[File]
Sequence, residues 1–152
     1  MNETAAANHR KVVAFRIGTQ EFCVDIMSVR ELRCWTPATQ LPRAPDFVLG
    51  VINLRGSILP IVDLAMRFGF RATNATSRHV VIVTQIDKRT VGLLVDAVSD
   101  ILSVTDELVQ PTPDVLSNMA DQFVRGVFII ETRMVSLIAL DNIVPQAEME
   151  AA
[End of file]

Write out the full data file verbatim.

Sequence, residues 1–152
     1  MNETAAANHR KVVAFRIGTQ EFCVDIMSVR ELRCWTPATQ LPRAPDFVLG
    51  VINLRGSILP IVDLAMRFGF RATNATSRHV VIVTQIDKRT VGLLVDAVSD
   101  ILSVTDELVQ PTPDVLSNMA DQFVRGVFII ETRMVSLIAL DNIVPQAEME
   151  AA